A little over two weeks after the Orleans Parish Criminal District Court reopened for in-person hearings, an attorney with the Orleans Parish District Attorney’s Office who practices in the building has tested positive for COVID-19. The potential exposure led Judge Paul Bonin to close his courtroom, a court official confirmed to The Lens.

The positive test has also given rise to concerns about the safety measures being implemented in the courthouse — which was closed for in-person proceedings for over six months, starting in March — and the timeliness in which people potentially exposed to the infected person were notified. 

Ken Daley, a spokesperson for Orleans Parish DA Leon Cannizzaro, said that the attorney tested positive last week.

“Last week, an asymptomatic assistant district attorney tested positive for Covid-19, and was immediately directed to quarantine at home for at least 14 days and until cleared by a negative test,” he said on Wednesday in a statement. 

Danny Engelberg of the Orleans Public Defender’s office — whose staff attorneys regularly appear in court alongside prosecutors — said that his office wasn’t notified until Tuesday morning about the positive test. He said that was concerning. 

“The Centers for Disease Control guidelines are very clear, that if you’ve been in contact —  if you’ve been in a workplace — that people need to be given timely notice.” Engelberg said. “If it’s true that the person tested positive last week, that did not happen.”

He said he received notification from the court of the positive test, but has not received any direct information from the DAs office. Rob Kazik, the judicial administrator, also said that he didn’t receive information about the positive until Tuesday morning, when he was informed by Bonin, whom the attorney reportedly appeared in front of last week. (The court was closed on Monday for Columbus Day.)

But Kazik said he didn’t know who the attorney was or when they tested positive for the virus. He said that the court staff had started contact tracing by notifying everyone who came through the doors of the Section D courtroom, where Bonin presides.

“We called those individuals and notified them that someone was in court that tested positive while they were in court, so we encouraged them to get tested and to self-quarantine for 14 days,” Kazik said. But he couldn’t immediately say how many individuals that was, or how far back the tracing was going. He said that Bonin generally allowed very few people in his courtroom, and encouraged defendants to appear via Zoom. 

Engelberg said that he had heard the prosecutor was in court last Wednesday. He wished them a speedy recovery.

The courthouse is operating on a staggered schedule, with half the sections of court open on Monday and Wednesday, and the other half on Tuesday and Thursday. Defendants still have the option of appearing via Zoom. 

Bonin’s courtroom is on the Monday and Wednesday schedule. This week, there was no court because of the holiday. On Wednesday, his courtroom was closed, but Bonin held proceedings via Zoom, according to Kazick.

Engelberg also said that “there has been no change of any staffing from the District Attorney’s office.” 

Daley, the spokesperson for the DA’s office, said that the attorney “appears to have been exposed by a close relation who tested positive hours earlier,” and that there was only one other staff member at the DA’s office potentially affected. That person tested negative, Daley said.

“This attorney’s closest direct work contact was a supervisor who has tested negative for the virus,” he said. “No other employees have been affected.”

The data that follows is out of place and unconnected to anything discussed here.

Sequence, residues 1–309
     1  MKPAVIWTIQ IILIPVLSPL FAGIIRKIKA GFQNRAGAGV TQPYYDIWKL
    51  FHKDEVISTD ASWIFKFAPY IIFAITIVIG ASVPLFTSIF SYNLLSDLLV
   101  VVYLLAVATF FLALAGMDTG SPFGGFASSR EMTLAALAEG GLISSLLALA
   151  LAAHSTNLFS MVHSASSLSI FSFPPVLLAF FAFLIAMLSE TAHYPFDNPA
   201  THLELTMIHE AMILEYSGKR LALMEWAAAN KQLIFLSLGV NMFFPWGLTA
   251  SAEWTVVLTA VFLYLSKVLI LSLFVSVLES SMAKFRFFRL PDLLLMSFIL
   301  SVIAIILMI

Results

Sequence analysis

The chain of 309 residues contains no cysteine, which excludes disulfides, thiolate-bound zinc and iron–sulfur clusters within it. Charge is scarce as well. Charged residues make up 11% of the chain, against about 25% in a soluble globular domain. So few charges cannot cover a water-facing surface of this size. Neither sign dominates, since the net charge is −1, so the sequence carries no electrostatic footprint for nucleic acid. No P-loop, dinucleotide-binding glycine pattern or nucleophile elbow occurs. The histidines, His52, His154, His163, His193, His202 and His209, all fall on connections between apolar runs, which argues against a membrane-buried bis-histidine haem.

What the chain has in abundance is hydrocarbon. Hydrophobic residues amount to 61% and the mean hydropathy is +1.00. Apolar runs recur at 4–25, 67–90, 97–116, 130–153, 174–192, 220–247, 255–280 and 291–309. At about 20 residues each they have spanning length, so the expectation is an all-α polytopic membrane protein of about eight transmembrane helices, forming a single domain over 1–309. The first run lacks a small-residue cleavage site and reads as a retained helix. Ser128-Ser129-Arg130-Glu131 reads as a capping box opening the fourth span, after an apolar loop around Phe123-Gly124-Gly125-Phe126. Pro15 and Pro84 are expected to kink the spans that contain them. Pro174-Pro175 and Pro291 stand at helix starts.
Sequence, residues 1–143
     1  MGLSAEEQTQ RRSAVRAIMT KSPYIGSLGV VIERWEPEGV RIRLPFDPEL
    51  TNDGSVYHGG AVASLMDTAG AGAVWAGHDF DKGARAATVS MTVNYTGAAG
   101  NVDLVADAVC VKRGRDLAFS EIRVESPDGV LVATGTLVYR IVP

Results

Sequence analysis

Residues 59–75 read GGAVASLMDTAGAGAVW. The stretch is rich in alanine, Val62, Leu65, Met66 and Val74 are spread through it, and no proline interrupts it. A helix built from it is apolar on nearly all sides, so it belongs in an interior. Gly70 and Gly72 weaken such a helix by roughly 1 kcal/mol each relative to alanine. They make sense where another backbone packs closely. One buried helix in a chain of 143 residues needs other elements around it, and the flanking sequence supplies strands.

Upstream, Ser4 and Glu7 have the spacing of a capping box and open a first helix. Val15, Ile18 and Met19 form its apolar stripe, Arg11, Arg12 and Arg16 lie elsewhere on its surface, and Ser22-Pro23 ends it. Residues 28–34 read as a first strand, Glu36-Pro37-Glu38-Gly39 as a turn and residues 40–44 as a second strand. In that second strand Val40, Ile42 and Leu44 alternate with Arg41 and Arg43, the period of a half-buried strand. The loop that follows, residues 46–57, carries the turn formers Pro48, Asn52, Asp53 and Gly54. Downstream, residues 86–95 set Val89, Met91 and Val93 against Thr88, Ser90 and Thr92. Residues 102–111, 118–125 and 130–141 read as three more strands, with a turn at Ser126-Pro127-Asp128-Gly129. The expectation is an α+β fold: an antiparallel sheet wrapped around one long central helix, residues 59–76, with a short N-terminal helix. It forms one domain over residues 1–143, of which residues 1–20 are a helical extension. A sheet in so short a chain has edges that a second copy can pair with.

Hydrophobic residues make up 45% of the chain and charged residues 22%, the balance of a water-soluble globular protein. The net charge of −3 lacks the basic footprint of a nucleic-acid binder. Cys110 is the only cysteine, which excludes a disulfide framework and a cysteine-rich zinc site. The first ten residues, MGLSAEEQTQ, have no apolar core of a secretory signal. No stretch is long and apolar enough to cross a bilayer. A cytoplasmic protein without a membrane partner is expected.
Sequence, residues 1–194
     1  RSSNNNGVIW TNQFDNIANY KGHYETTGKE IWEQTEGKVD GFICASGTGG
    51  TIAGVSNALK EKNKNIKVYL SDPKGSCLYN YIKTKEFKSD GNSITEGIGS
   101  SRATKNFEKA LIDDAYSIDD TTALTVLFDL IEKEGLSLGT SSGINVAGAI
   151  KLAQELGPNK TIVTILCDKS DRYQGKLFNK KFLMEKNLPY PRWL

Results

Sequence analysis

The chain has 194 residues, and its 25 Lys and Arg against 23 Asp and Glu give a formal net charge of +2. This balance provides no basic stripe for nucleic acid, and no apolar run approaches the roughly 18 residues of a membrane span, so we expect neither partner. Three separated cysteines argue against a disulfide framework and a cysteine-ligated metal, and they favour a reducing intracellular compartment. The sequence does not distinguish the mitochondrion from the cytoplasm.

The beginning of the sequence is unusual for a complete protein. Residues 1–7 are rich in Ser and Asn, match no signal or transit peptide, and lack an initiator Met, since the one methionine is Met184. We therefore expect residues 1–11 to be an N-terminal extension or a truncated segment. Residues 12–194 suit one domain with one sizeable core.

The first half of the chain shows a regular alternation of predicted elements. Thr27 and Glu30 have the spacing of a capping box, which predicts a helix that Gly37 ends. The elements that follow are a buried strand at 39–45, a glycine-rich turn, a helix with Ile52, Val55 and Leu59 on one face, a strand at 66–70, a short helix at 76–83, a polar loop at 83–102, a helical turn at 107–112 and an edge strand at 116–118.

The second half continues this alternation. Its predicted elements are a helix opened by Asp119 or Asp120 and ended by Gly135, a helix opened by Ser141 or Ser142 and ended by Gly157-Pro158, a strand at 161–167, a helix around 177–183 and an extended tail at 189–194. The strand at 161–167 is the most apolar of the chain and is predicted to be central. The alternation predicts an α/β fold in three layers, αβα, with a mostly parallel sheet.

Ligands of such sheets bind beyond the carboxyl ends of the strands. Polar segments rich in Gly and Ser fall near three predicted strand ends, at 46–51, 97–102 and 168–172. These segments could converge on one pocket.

But Daley did not respond to direct questions about when or how often the infected attorney had been in court or in the office, nor what steps the office is taking to contact trace. He said the office has “maintained one of the city’s strictest and safest workplaces to prevent the spread of the novel coronavirus.”

“The office remains closed to the public, and is open only to a select few employees performing essential tasks,” he said, noting that employees are encouraged to work from home “whenever possible.” He also cited staggered work hours to reduce building occupancy, masks, social distancing, mandatory temperature checks, and regular disinfecting of work stations. 

Engelberg said there was one attorney at the public defender’s office who had been in Section D last week, and they were currently in quarantine. He said that the rest of the office had been informed, and that he didn’t believe any other staff had been exposed.

The rest of the courthouse remains open. According to the court website, masks and social distancing are required, access is limited by the Sheriff’s Office to maintain safe occupancy, 

But Engelberg said despite the guidelines, he doesn’t feel that everyone in the building is taking them seriously. He noted that judges and attorneys frequently take off their masks or pull them down when they are talking.

“The judicial administrator Rob Kazik and the chief judge have set out very clear guidelines, and they themselves are doing everything they can to keep things as safe as possible,” Engelberg said. “But they don’t control judges and how courtrooms are operating with people in them.” 

In August, before the court had opened its doors to the public, it was shut down to staff for a week due to “possible exposure to the virus” after a courthouse deputy tested positive for the virus.

“What we’re seeing is a good part of that courthouse not in compliance with city guidelines,” Engleberg said. “I’m concerned we could have our own superspreader event in the courthouse unless people can take the guidelines a bit more seriously.”

Nicholas Chrastil

Nicholas Chrastil covers criminal justice for The Lens. As a freelancer, his work has appeared in Slate, Undark, Mother Jones, and the Atavist, among other outlets. Chrastil has a master's degree in mass...